Conclusion: Achieving Sustainability <br />Wal-Mart does a poor job of adjusting for foreign consumer practices in its international strategy <br />Globally, Wal-Mart is losing a grip on its competitive upper hand<br />Leveraging EDLP is no longer enough to SUSTAIN its competitive advantage<br />There is a necessity for adaptive planning/contingency planning – this is critical to the vitality of the international strategy<br />The implementation of a more transparent global HR strategy and employment model that account for cultural/communication gaps<br />Wal-Mart must understand how EDLP is translated across multiple landscapes and adapt strategic marketing practices such that the desires of consumers (value vs. quality vs. price) are communicated accurately.<br />15<br />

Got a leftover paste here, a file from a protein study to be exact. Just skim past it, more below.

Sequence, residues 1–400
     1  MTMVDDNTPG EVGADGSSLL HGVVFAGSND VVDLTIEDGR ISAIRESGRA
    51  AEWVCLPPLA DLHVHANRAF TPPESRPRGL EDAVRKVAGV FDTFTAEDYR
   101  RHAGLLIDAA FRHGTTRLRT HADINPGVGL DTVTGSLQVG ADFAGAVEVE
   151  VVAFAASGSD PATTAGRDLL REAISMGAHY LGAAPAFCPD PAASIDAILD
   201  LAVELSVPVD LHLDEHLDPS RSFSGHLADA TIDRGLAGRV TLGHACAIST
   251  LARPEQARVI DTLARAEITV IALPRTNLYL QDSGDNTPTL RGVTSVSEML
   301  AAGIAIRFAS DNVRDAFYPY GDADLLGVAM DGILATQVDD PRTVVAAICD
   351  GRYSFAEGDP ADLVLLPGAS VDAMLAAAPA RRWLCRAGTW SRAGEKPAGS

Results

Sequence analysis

References <br />An, F. (2009) “China Business Strategy: Wal-Mart and Chinese Culture”. Fili’s World, A Different Look at Chinese<br /> Culture. Retrieved August 7, 2010, http://www.filination.com/blog/2009/03/14/china-business-strategy-walmart-chinese-culture/<br />Bhatnagar, P. (2006) “Wal-Mart’s Challenge in China”. Retrieved August 1, 2010, http://money.cnn.com/2006/01/12<br />Farhoomand, A. (2005) “Wal-Mart Stores: ‘Every Day Low Prices in China’. Asian Case Research Center, 1-27<br />Huang, K. and Gale, F.(2008) “Demand for Food Quality and Quantity in China”. Retrieved August 1, 2010<br /> http://www.us.usda.gov/publications<br />Rigby, D. K. and Haas, D. (2004) “Outsmarting Wal-Mart”. Harvard Business Review, December 2004<br />Winston, A. (2008) “Wal-Mart’s new Sustainability Mandate in China”. Business Week, October 28, 2008<br />16<br />